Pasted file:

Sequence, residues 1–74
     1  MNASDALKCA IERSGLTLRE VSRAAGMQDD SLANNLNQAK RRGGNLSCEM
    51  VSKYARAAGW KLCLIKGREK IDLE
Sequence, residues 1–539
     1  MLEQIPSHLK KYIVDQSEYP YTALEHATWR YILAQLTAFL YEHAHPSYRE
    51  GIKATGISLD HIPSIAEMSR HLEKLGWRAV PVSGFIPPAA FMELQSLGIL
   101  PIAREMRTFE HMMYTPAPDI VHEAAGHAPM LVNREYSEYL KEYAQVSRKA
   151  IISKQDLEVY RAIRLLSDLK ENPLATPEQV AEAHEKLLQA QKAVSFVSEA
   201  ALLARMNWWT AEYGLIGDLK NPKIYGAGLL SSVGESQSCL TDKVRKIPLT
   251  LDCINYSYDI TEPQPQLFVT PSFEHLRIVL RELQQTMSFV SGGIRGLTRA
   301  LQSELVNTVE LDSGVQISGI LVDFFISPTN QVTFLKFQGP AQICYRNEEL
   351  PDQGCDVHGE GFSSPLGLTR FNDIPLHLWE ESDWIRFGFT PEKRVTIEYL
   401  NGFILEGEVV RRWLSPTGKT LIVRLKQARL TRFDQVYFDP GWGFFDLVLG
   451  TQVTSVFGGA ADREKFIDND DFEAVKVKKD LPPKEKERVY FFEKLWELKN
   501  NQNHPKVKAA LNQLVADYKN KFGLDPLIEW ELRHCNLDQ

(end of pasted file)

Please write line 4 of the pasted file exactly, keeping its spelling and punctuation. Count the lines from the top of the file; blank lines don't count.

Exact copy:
Sequence, residues 1–539